2. Some of the CTTF's priorities: enhance the movement of goods and people through secure trade in the APEC region; stem the financing of terrorism and money laundering; promote, inter alia, cyber-security and health security. To achieve these goals, the Task Force is promoting closer cooperation with ASEAN, the UN, G8, IMF, ADB or the World Bank. Mr. Espiritu also suggested that we should do more to encourage the signing and ratification of international counter-terrorism conventions, including the International Convention for the Suppression of the Fiancing of Terrorism as well as other legal instruments of the same nature;
  3. Ambassador Herjianto Soeprapto from Department of Foreign Affairs, Indonesia briefed the meeting of the work of newly re-established Task Force on Emergency Preparedness (TFEP). He mentioned that emergency preparedness is another important challenge faced by the APEC region. Our collaboration should find its source not only in the economic sphere, but also in the solidarity, friendship and sense of community of all our members;
  4. The creation of TFEP was to coordinate efforts in this area. It's activities will include, inter alia, communication and outreach as well as the establishment of an early warning system;
  5. The TFEP has already identified a number of gaps in the current structure. For example, coordination and communication within the APEC region is insufficient. So are those in existing domestic and regional emergency preparedness frameworks. Sectoral emergency preparedness capacity-building must also be improved.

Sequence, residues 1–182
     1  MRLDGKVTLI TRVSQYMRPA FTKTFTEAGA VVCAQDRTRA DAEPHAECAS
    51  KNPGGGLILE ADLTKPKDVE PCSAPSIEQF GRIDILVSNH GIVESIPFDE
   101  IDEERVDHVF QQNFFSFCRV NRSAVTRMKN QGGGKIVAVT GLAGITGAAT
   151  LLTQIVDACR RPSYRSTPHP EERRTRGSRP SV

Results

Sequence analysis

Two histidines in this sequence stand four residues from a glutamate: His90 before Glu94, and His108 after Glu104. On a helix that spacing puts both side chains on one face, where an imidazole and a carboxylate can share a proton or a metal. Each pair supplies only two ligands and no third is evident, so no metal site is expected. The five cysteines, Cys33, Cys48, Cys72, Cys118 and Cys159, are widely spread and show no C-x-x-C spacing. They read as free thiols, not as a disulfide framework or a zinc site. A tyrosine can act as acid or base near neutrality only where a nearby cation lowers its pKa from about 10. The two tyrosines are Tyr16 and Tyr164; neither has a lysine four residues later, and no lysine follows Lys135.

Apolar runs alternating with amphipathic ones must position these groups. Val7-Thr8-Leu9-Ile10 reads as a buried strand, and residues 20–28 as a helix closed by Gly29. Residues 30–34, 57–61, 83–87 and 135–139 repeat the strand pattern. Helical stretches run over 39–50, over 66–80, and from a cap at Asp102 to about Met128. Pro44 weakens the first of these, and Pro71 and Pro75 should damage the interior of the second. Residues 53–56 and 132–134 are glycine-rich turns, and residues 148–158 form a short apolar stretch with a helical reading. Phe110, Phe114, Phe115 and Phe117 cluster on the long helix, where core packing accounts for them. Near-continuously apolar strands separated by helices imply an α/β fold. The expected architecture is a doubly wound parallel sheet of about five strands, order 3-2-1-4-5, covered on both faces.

Informal Meeting on Avian Flu

Mr Shigeru Omi, Regional Director at the WHO for the Eastern Pacific Regional Office on Avian Influenza, explained the challenges faced by APEC economies when it comes to fighting avian flu. To prepare as best as possible, he made four recommendations. First, he encouraged all economies to promptly and efficiently share information. Collaboration with health, agriculture and other organizations should be improved. Second, economies should increase public awareness. Third, initiatives to reduce the risk for transmission to human, such as improved farming practices, should also be explored. Finally, we should find ways to better prepare for possible pandemics by encouraging the development of vaccines and the stockpiling of anti-viral drugs.


The participants found the seminar timely and useful for developing future work by APEC in the area of human security. During the wrap-up session, the importance of the following points were stressed:

  1. Human security has become a prominent feature of the APEC agenda;
  2. Ensuring that APEC activities on human security should complement and support the economic agenda;
  3. Building capacity for development through a human-centered approach;
  4. Developing a common approach and appropriate joint programs related to the implementation of the human security related mandate from Leaders and Ministers, on issues such as counter-terrorism, social safety net, HIV/AIDS, and natural disaster preparedness from the viewpoint of enhancing human security;
  5. Enhancing preparedness to new threats. Avian influenza, human trafficking and the impact of terrorism on economies, including tourism industry, were suggested as possible areas for cooperation;
  6. Working closely and coordinating with relevant international organizations and fora to avoid duplication;
  7. In the context of the up-coming APEC Ministers and Leaders' meetings in Busan, Korea emphasized that human security should continue to be recognized as a key APEC component.